It is, of course perfectly understandable for the Government to want such a timetable, because if they were to give Parliament time to look at the deal properly, a number of its highly undesirable consequences would become clearer. There would, for example, be time to have an economic assessment. Latest figures from UK in a Changing Europe suggest that the hit to GDP of this deal would be about 6.4%. This is broadly in line with the Government’s own analysis of last November, which suggested that, with the kind of restrictive immigration system the Government have in mind, such a deal could have an even bigger effect. For the north-east, north-west and the West Midlands, the fall in GDP would be considerably higher again.
There would be greater time to expose the fact that, as a consequence of the new deal, EU components of goods manufactured in the UK will no longer be treated as of domestic origin. Given the low proportion of UK content in cars, for example, this would have the effect of making it impossible to export any car manufactured in the UK to a third country duty free, even under a free trade agreement. This raises the spectre of the end of bulk car manufacturing in the United Kingdom.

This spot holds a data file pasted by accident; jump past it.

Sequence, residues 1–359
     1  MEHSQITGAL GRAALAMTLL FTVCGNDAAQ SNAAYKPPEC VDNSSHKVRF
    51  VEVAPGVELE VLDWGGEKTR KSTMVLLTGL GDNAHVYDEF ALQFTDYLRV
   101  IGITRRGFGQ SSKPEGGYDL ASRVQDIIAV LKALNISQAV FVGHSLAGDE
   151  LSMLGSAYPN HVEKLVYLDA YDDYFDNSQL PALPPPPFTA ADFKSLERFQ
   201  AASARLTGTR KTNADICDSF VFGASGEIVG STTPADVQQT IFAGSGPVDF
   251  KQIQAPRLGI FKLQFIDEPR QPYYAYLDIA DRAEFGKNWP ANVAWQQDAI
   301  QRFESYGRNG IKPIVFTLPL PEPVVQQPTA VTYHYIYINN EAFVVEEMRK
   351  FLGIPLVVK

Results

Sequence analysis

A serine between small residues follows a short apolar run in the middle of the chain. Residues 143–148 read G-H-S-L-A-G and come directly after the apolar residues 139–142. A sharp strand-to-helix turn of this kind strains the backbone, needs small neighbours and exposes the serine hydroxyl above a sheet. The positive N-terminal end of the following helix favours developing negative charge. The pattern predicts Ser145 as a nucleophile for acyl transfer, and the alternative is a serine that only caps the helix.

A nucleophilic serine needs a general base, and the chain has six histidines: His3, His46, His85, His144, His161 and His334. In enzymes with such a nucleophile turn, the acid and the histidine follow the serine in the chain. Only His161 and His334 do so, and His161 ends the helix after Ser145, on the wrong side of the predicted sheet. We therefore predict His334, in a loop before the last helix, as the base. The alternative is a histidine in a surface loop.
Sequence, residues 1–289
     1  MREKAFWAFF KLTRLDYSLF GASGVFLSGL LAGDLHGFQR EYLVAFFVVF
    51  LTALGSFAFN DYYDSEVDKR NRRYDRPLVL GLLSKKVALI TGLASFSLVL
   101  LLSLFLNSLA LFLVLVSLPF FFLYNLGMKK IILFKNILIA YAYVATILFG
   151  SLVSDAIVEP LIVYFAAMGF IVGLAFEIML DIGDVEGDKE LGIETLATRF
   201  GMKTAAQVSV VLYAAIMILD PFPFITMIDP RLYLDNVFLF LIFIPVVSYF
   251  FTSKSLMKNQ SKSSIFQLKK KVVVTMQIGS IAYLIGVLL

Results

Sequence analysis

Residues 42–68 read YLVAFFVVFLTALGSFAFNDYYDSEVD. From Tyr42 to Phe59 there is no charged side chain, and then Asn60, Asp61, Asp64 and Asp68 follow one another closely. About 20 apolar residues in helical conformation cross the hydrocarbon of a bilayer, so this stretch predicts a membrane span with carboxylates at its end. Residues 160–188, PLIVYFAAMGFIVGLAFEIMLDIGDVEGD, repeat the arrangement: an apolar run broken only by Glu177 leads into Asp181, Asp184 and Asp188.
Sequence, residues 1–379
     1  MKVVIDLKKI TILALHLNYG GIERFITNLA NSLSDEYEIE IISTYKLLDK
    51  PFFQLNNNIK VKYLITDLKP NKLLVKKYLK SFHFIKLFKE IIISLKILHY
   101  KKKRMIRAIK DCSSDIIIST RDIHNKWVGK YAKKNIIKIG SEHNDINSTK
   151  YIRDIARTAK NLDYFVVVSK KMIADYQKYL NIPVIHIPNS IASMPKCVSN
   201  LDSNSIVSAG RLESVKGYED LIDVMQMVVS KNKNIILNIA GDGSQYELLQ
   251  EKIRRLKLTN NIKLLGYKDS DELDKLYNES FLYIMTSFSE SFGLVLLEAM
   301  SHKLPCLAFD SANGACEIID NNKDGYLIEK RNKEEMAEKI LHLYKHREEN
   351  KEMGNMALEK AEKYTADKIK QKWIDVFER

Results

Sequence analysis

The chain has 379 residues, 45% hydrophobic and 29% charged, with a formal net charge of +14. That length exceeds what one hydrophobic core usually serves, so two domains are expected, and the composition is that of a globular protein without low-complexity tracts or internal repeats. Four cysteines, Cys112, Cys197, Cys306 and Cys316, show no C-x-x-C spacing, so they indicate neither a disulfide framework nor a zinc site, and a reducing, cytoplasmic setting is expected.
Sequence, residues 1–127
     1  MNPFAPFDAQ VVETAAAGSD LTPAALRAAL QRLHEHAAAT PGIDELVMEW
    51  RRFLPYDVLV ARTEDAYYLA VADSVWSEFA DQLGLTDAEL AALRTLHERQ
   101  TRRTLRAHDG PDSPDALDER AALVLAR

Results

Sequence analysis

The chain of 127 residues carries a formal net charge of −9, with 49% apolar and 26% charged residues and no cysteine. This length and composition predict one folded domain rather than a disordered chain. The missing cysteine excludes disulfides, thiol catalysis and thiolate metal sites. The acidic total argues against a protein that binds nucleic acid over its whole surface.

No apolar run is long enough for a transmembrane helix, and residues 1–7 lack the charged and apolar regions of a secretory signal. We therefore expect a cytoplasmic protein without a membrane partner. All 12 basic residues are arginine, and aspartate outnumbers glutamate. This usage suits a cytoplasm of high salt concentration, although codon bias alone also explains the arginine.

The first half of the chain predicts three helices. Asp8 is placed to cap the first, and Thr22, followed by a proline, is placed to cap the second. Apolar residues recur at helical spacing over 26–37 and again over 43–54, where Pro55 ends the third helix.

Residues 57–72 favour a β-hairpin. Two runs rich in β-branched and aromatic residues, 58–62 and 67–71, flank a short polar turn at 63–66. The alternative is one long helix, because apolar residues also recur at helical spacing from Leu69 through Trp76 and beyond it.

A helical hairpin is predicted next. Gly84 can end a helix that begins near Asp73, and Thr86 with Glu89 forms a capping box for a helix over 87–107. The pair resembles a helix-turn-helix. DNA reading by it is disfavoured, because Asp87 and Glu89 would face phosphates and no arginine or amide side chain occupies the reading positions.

More time would enable us to examine the threat to the level playing field on environmental standards and employment rights, which were guaranteed in Theresa May’s withdrawal agreement but are now relegated to the eminently amendable political declaration, with no presumption there that we should follow future improvements in standards under EU rules. More time would give us the opportunity to question whether, as the Conservative John Baron has claimed, the Government see this deal as leading to the equivalent of a no-deal Brexit at the end of the transition period next year.